October In The Loft
October is the time when fanciers all over the United States begin and enjoy the young bird racing season. What happens in the lofts is dictated by geography. The racing season has ended in the northern part of the United States while there are still a few weeks left in the southern part. Fanciers are doing things differently depending on what part of the US they are residing.
Fanciers residing in the north who are at the racing season’s end or nearing end should evaluate the race team as well as the breeders. Planning should be done in a reasonable amount of time to acclimate any new birds that are planned to be brought into the loft before the start of the breeding season.
There are various factors that have to be considered when it comes to segregating which pigeons should be for the old bird races or for the breeding loft. This is the main thing in evaluating the racing team. The next question is how does a fancier decide which pigeons make the grade. The best indicator is the consistency in the races. It is better to be consistent than to have one good performance. Birds that come early week after week, race after race, has far more breeding potential than a pigeon that delivers one great win.
There are instances when two birds are like equal. But, if a choice has to be made, a fancier should study their pedigrees. The following should be the basis of choosing which bird to keep. The bird that is linked to more winners and has better background and genetics should be kept. The inbred or linebred should be kept over the outcross if the fancier is looking for a breeder. The linebred or outcross should be kept over the inbred if the fancier is looking for a racer.
It is important to take note that there are some “sleepers” in the loft. There are pigeons that always come home but have not managed to find their true form or their ideal distance in the young bird races. It is possible that these birds are better at the long distances, and better consider keep then another season.
The breeding loft should have a super young racer that is out of an old breeder. This is regardless whether it is a cock or a hen. Europe’s best lofts always cherish the first set of eggs that are out of a super racing young hen.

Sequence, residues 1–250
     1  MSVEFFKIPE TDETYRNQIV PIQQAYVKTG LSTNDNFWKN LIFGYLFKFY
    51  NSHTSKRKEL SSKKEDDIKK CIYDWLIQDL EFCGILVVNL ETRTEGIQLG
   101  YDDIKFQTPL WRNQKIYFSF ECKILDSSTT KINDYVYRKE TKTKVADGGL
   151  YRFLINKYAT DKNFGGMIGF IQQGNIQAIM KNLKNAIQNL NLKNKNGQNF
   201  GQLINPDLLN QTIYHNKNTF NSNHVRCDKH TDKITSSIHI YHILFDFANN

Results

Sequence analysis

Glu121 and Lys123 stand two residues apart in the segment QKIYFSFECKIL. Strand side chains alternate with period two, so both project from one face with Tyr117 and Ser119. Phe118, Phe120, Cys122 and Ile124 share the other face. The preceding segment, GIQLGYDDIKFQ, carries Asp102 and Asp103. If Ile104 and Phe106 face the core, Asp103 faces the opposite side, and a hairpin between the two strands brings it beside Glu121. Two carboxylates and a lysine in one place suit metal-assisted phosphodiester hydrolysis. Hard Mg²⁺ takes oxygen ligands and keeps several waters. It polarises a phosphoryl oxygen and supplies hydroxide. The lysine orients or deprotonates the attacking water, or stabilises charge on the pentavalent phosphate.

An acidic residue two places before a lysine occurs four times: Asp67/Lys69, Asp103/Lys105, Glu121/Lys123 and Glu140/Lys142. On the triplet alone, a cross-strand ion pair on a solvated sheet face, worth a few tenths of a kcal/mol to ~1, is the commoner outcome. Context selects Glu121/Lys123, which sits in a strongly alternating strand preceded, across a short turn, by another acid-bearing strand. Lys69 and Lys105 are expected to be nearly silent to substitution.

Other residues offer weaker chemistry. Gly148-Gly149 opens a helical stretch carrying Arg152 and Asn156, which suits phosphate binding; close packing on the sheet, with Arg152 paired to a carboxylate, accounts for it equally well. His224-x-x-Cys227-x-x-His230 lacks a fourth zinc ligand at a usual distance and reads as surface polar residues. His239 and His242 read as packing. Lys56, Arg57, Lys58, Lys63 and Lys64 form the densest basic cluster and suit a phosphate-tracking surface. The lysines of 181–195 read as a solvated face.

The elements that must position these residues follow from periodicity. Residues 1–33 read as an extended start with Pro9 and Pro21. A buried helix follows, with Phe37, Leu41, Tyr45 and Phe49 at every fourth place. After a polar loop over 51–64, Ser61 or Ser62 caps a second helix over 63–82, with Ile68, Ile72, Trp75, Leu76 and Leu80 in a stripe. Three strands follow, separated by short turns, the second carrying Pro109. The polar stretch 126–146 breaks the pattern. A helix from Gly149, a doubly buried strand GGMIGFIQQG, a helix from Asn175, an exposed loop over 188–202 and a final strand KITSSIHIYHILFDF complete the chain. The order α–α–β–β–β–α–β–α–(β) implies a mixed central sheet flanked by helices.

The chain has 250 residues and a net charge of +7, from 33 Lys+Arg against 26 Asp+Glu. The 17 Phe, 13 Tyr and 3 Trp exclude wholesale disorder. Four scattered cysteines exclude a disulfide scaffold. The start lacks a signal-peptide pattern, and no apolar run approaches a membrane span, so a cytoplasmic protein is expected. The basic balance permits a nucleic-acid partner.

Fanciers should implement specific health measures at the end of the racing season. The birds should be purged for one or two days before the medication. This means providing the birds only water and no food. This is basically the ideal length of time for purging. This practice is quite different in Europe, however, as they purge their pigeons for a week. Birds should be vaccinated against PMV and salmonella.
The breeders should undergo the general health program by treating them for canker, coccidiosis, and worms. Canker is best treated by Turbosole. Coccidiosis as well as other diseases can be treated with Aureomycin Sulmet powder. Individual worming can be treated with Gopolex Worm Tablets. Flock treatment for deworming can also with Eqvalan. Two Australian products, Moxidectin and Moxidectin Plus, developed by Dr. Colin Walker are also effective on the worms.
The process involves dipping birds in a 57 percent (1/4 cup to 2 gallons of water) Malathion solution, then vaccinating the birds for salmonella with Sal-Bac, and for PMV with Lohmann Animal Health International’s PMV-1. The skin on the neck shows well for easy vaccination when the birds are wet.
Fanciers who live in freezing weather should line up heaters for the drinkers as the weather can affect the fanciers’ ability to keep the birds watered on a regular basis.